The mission costs around 120 million euros. “The ESA team,” says Krag, “provides the money for this in line with the progress of the work”. And the first object that ClearSpace's garbage hunter is supposed to capture and dispose of will be a disused space object from the European Space Agency: the Vespa (Vega Secondary Payload Adapter) adapter, which will be in orbit after the flight with the ESA launch vehicle Vega 2013 around 800 x 660 kilometers in height remained. At 100 kilograms, it is a relatively small object with a simple shape and robust construction. “A good exercise object to start with,” says Krag.
The hunter developed by ClearSpace should approach the scrap piece, catch it with its robotic arms and bring it into a very low orbit, from where both should burn up in the atmosphere within a short time. That is the plan. The Swiss spin-off company, which was founded by an experienced space debris research team from the Ecole Polytechnique Fédérale de Lausanne (EPFL), wants to implement it. Luc Piguet is one of the three founders and CEO of ClearSpace.
The idea came about, he says, out of his own experience. In 2009, an EPFL team launched the Swiss Cube - a nanosatellite - for research purposes in Earth orbit at an altitude of 700 kilometers. “Exactly in the critical space debris area. There were several collision warnings, ”reports the electrical engineer, who also took part in Stanford University's“ Executive Program ”. In 2012 the team decided to get the Swiss Cube back, "but nobody wanted to pay for it," says Piguet. And there wasn't a garbage disposal company in space that could do this job. Not yet. So why not develop something yourself? Tidying up in orbit, "we saw a great need for that," says the 48-year-old. In 2017, he founded ClearSpace with space engineer Muriel Richard and industrial designer Catherin Johnson. "The Service Offer Request (SOR) for In-Orbit Servicing / Debris Removal from ESA came at the right time for us," said Piguet. The Swiss convinced the competition.
ClearSpace has meanwhile grown to 12 employees and externals as well as a team of seven at the Ecole Polytechnique Fédérale de Lausanne and at other universities in Switzerland. There is also a consortium of experienced international companies from the eight European countries participating in the ESA mission.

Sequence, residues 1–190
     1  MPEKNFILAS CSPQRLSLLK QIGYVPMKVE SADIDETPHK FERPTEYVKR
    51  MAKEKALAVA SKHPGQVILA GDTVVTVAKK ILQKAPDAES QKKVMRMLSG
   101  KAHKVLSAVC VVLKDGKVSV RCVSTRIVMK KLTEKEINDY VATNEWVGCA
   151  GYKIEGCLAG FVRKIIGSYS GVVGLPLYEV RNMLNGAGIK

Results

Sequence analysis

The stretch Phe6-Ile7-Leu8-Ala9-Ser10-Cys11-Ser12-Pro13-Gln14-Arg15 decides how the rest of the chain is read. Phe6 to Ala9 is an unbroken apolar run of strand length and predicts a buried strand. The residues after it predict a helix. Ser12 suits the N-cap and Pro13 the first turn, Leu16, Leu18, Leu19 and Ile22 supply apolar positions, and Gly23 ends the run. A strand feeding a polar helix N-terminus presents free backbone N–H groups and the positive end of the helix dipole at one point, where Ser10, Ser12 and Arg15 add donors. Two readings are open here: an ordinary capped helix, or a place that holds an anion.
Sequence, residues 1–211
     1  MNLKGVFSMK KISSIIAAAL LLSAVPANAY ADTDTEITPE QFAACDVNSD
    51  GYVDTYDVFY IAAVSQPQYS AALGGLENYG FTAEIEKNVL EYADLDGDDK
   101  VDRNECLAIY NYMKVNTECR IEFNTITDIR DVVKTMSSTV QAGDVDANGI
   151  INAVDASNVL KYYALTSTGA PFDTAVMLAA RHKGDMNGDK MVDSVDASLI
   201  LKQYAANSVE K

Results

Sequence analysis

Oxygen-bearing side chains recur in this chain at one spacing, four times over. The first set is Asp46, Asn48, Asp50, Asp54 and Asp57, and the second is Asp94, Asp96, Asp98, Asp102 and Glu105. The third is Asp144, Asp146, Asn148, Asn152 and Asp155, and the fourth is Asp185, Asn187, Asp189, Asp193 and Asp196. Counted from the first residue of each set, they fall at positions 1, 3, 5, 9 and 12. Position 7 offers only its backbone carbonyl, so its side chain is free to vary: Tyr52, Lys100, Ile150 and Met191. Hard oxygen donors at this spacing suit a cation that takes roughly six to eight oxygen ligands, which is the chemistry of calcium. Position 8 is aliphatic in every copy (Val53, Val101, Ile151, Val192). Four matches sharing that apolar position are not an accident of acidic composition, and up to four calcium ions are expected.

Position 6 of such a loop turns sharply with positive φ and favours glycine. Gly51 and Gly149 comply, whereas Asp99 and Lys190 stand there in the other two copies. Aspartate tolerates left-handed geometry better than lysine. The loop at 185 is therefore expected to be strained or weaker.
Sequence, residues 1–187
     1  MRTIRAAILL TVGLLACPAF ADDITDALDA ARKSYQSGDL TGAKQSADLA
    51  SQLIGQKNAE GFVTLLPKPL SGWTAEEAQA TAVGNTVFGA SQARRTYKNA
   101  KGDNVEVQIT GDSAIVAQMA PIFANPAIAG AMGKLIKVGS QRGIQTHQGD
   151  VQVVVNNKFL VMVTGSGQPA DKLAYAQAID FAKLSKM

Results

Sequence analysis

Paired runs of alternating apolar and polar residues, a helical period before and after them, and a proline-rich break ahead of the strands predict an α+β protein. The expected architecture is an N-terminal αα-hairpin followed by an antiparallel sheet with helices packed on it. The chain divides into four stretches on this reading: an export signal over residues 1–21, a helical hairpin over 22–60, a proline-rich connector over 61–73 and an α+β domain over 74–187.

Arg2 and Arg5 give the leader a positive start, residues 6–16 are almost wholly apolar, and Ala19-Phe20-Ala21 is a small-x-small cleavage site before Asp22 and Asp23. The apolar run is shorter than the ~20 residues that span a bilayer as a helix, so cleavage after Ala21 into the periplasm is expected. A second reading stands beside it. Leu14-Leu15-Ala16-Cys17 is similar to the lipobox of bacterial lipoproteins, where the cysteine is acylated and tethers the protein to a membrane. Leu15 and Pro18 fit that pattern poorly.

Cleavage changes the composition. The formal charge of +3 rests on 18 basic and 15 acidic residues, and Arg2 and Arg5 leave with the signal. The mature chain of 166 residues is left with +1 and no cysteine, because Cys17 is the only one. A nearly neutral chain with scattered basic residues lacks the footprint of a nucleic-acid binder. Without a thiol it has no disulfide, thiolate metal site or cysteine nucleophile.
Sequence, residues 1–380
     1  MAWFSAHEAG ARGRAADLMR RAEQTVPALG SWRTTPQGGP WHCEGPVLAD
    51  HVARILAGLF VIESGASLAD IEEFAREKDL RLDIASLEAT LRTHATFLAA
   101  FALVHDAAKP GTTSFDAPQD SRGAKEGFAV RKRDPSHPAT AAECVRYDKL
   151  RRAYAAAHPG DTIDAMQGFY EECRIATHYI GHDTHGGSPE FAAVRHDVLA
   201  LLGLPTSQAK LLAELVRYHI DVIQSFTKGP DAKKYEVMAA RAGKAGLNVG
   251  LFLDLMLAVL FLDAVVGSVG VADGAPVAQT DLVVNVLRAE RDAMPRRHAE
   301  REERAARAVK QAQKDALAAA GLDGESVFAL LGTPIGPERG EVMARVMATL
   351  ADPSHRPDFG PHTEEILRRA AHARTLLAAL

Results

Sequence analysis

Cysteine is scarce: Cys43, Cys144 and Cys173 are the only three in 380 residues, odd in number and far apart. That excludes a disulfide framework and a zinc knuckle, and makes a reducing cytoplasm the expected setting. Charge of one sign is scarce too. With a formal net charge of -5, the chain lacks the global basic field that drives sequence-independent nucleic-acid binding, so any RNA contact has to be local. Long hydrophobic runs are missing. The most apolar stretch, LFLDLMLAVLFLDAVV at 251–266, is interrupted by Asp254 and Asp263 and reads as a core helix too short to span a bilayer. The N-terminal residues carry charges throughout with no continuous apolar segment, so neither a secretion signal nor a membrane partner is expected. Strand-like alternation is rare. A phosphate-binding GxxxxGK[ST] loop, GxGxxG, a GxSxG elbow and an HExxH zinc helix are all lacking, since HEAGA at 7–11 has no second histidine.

One of the major challenges of the mission is technology, says Luc Piguet. The ClearSpace hunter must locate the object with the help of sensors, steer it precisely and get close enough that the four gripping arms can catch the debris or the disused satellite without colliding with it. It becomes difficult with objects that rotate uncontrollably. "We have to take action before we have direct contact and only then do we pull the space junk up to our base unit and fix it there," he explains. The gripping technology is new, it can only be tried out with the first test run and rendezvous with a Vespa in space. “We have a great responsibility that this process works,” says Piguet. In addition, the technology has to cost as little as possible so that enough imitators can be found. He sees a large market for tidying up in space. "There are already 2000 satellites that have been used up and should be disposed of."
Future missions must be planned in such a way that no more space debris is created, emphasizes Holger Krag. Each country is responsible for its legislation, but it assumes that something must and will change. “Anyone who does not plan their missions sustainably will have to pay to clean up in the future. ESA wants to provide the technology for it and show that it is possible. We want to get the ball rolling, ”says Krag.